A Homeowner's Guide to Energy Efficiency for the Fall
August 31, 2017
Most homeowners are genuinely interested in making their home more energy efficient. Besides the comfort benefits in fall and winter, there are also substantial energy savings to be had - something that no homeowner wants to overlook.
In the fall, and just before winter emerges, a basic guide to energy efficiency can be very helpful in plotting out an action plan that will deliver results. And with temperatures dropping month after month, the sooner the work begins, the better.
The important thing about following a guide to energy efficiency is to identify the upgrades and retrofits that will be most effective, while offering real dollar savings from season to season. For some, it’s the small things, for others, the big things.
Lowering the thermostat when temperatures plunge
Lowering the thermostat in fall and winter by only a few degrees can reduce monthly bills. The reverse is true in summer. Whatever the weather, a thermostat should be adjusted when away.
Replacing incandescent light bulbs is easy anytime
Halogen light bulbs and LED light bulbs are long lasting and energy efficient. By replacing the incandescent bulbs, energy consumption can be noticeably reduced, and money can be saved.
Avoid (or stop) running the water tap unnecessarily
Running water unnecessarily is a waste. More than that, a bath uses almost 4 times the water of a shower. And finally, when it comes to laundry, the load should be full (a half load wastes water).
Unplugging phone chargers and appliance chargers
Electric chargers use energy even without a device. With a great many chargers throughout the home, energy is being wasted. As a rule, electric chargers should be unplugged when not used.
Weatherizing and/or weather-stripping the windows
Any good guide to energy efficiency will include improvements to windows and doors. Sealing up air leaks will ensure that warm air won’t escape in winter and cool air won’t escape in summer.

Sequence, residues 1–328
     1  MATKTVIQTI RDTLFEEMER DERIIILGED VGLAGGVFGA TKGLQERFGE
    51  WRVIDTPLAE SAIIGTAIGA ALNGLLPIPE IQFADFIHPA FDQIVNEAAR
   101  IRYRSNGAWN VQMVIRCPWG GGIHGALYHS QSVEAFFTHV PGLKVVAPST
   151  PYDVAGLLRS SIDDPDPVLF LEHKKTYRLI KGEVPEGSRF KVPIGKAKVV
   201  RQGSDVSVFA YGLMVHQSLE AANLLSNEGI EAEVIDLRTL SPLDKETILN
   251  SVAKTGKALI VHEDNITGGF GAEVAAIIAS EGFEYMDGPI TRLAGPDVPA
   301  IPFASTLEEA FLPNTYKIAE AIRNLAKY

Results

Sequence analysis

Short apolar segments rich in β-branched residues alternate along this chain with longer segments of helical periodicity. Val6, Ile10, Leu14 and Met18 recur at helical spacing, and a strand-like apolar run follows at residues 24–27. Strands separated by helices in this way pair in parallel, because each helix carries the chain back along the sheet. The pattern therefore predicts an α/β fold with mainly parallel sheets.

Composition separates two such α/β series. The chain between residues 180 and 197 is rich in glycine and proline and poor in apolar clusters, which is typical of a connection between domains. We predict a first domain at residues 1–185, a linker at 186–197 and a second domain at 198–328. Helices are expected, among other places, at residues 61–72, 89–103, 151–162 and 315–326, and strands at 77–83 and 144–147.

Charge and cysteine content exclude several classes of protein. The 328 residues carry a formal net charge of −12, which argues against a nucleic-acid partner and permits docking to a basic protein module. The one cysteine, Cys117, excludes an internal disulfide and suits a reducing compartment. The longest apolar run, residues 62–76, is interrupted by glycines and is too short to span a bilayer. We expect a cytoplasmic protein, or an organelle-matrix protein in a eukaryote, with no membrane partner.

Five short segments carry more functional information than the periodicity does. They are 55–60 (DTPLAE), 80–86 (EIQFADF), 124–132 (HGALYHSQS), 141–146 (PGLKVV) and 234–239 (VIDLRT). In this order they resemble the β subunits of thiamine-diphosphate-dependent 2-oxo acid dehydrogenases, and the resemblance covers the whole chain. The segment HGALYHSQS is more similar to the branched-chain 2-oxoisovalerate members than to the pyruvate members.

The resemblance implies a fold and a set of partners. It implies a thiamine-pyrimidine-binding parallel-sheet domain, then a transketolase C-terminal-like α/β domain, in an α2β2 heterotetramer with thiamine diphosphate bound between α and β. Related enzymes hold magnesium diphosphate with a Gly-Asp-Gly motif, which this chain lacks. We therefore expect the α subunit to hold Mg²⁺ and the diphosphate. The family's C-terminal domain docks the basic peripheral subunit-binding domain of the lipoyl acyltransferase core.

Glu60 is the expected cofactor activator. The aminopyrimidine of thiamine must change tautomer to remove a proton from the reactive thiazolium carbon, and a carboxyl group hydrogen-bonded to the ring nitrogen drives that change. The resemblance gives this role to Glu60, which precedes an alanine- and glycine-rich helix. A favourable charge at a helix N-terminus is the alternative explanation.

Upgrading and/or retrofitting existing attic insulation
Upgrading a home’s attic insulation prevents air leakage, while effectively insulating for winter and summer weather. With improved energy efficiency, utility savings can offset the investment.
Before the fall, performing an energy audit is incisive
A professional Energy Auditor can accurately assess a home for energy inefficiencies. As such, an Energy Audit can pinpoint areas in the home that could be improved, and could save on energy.
Tuning up HVAC equipment (or possible replacement)
HVAC equipment (heat and cool) that is working efficiently uses less energy. A tune up will make a big difference in home comfort and energy savings. If needed, replacement may be an option.
Working with professionals to upgrade and retrofit
With home energy, the “quick-fix” might be okay for the short term. But for long-term success, nothing beats a professional approach to upgrades and retrofits. For homeowners genuinely committed to improving energy efficiency, Great Northern Insulation offers a practical guide to energy efficiency with an online tool to move things forward. It’s called My EnergyXpert, and it can identify performance areas in the home that can be improved. To find out more, visit the GNI website at www.gni.ca or call Great Northern Insulation directly at 1-800-265-1914.